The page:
Methodology in a Nutshell

Quite a few people say you got to memorize a substantial amount of words and its translation in your language to learn a language. But I venture to say no.

Cognitive Psychological Analysis

Before discussing language acquisition, consider skills in general. Employing language shares many things in common with other skills. Skills are backed up by knowledge.

In the domain of cognitive psychology, there are following two kinds of knowledge:

  1. declarative knowledge
  2. procedural knowledge

Declarative Knowledge

Declarative knowledge refers to the fact we know. For example, we know we have to pull down the lever to put signal when turning right. That’s the fact we know. That’s one sort of declarative knowledge.

In language acquisition, it includes the external grammar. In the English grammar, “is” links the subject to the object.

Procedural Knowledge

Procedural knowledge is what we know how to perform. Turning right, we don’t need to be aware of the knowledge about how to put a signal, but we can do it subconsciously. This is one of procedural knowledge. Although we speak the first language, but some of us cannot explain the grammar like the difference between “something” and “anything”, barely use them in a wrong way. It doesn’t matter if you got some external grammar of a new language, but employing the grammar in a subconscious way is what you wanna achieve.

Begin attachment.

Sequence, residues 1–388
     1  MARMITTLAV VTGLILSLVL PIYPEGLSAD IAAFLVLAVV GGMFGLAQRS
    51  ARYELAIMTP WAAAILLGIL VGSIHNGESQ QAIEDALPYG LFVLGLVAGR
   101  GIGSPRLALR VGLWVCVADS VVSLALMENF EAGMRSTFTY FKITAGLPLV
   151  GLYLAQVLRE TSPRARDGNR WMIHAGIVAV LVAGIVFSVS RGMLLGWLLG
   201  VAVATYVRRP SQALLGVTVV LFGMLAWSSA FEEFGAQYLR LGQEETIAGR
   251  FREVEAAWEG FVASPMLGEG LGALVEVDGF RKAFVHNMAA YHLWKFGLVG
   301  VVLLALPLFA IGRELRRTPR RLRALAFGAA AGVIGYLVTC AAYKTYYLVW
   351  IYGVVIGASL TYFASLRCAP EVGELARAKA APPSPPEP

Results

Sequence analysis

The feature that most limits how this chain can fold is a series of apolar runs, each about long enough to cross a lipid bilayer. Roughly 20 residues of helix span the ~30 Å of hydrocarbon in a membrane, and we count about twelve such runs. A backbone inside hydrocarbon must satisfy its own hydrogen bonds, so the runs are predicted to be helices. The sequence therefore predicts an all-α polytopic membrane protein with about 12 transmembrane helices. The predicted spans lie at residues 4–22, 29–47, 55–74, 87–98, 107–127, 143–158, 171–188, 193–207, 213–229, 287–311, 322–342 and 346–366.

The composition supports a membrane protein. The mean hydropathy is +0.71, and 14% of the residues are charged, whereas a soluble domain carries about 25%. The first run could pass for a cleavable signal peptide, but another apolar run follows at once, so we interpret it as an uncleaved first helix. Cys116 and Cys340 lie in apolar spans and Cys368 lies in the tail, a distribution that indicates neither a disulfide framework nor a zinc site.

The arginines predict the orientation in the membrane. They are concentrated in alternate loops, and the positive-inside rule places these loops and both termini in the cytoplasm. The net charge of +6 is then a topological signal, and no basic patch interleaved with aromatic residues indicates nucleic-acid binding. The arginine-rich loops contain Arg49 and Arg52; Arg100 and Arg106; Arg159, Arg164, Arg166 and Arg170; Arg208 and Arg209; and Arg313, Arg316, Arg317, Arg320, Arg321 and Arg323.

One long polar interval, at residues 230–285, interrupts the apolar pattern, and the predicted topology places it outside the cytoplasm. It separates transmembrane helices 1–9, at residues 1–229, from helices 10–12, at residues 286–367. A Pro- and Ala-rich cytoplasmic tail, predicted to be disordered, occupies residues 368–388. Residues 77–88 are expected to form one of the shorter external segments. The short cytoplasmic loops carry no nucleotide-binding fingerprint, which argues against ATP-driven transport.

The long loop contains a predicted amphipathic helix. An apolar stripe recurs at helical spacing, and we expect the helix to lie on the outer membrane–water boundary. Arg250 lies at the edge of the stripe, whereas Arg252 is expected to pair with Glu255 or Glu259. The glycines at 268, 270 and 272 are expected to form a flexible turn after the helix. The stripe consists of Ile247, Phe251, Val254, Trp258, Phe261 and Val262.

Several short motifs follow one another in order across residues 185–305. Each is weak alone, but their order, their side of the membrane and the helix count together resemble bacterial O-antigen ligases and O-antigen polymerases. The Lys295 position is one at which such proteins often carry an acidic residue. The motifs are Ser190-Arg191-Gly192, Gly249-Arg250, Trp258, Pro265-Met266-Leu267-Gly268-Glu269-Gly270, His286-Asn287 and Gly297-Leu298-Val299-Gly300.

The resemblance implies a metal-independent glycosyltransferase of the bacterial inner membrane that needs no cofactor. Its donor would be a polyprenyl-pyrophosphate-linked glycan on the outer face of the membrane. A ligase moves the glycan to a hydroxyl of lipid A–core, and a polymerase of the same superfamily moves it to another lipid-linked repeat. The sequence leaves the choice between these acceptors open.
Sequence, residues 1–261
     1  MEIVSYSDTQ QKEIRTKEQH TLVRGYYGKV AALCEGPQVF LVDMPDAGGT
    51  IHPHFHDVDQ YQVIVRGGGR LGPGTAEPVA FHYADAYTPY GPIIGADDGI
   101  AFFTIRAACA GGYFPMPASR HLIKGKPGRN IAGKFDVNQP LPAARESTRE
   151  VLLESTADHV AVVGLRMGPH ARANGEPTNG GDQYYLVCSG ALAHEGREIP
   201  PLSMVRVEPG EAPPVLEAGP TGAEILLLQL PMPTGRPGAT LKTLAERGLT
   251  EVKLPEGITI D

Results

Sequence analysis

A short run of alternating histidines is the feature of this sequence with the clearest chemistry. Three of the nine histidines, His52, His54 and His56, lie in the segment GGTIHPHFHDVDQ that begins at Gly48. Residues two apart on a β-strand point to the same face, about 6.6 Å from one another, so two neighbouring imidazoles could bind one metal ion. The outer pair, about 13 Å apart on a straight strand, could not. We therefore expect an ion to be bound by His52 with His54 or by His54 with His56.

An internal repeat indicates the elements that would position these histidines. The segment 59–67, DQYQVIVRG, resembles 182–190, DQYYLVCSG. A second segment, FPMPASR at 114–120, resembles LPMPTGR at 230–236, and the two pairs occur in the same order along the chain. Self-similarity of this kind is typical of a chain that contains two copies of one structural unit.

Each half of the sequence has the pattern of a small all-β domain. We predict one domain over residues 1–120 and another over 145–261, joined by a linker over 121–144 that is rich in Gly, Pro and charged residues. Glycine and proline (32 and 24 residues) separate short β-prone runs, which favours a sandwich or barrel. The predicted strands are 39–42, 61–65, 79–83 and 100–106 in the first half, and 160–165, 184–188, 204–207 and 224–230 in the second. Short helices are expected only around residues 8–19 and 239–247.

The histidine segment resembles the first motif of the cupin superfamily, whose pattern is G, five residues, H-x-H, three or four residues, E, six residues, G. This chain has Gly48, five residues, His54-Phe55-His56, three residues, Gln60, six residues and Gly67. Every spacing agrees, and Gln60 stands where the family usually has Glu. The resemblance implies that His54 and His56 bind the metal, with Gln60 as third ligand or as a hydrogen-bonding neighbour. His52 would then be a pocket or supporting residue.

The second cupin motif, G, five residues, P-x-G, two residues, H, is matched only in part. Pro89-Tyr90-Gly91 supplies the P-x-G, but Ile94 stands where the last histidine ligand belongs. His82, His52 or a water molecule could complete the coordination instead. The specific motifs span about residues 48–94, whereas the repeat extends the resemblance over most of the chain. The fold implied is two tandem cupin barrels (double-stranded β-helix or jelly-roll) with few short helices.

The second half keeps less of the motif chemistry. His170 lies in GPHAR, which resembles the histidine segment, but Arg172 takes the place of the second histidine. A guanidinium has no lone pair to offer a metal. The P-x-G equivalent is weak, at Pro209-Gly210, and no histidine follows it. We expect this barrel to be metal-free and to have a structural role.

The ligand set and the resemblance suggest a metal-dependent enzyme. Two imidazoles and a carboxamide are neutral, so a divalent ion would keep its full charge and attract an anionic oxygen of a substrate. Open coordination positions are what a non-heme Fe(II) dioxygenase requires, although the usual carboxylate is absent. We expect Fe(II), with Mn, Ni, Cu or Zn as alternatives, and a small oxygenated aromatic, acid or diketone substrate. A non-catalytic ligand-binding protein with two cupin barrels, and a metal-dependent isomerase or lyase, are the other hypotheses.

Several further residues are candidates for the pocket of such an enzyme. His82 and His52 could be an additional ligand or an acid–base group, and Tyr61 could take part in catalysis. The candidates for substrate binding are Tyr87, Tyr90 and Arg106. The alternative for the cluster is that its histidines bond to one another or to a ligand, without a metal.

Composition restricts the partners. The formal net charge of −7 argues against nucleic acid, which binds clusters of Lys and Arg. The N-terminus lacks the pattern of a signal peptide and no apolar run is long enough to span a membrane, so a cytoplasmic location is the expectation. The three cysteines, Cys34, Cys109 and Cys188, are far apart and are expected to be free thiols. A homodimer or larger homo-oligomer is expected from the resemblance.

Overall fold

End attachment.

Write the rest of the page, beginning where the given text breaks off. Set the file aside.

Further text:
Physiology and Functional Brain Science’s Analysis

So, what goes on in our brain when our declarative knowledge, or automatized performance, turns into procedural knowledge? The repeated processing the same action reinforces the neuronal connections, which enables automatized performance.

The same holds true for language acquisition. The reinforced neuronal connections realize a quick response and production of language.

The conventional grammar-translation method reinforces the neuronal connections for translating and replacing the word order. That’s how they nurture the habit of translating at the very moment of seeing the foreign texts. And this is the very cause that prevents them from being able to comprehend aural language.

A substantial amount of comprehensible input

The logic illustrated above hardly is prone to any counterargument. The point is how to make external grammar turn into internal grammar. What kind of input should we expose ourselves to?

Stephan Krashen, a prominent linguist argues comprehensible input brings about language acquisition. This hypothesis influences my methods and I believe the ideal input is easy-to-understand materials.

Neurolinguistic approach suggests spontaneous communication works effectively. Some scholars implement hearing and speaking practice before others. This method has been taking place in Canada for years.

Spontaneous communication refers to comprehension of messages not focusing on its language form. Focusing on language forms means being aware of the grammatical stuff. To recap, one of the ideal language learning methods in my opinion is exposure to input without a reference to the grammar.

Methods in details

In this website, the following methods are elaborated in details:


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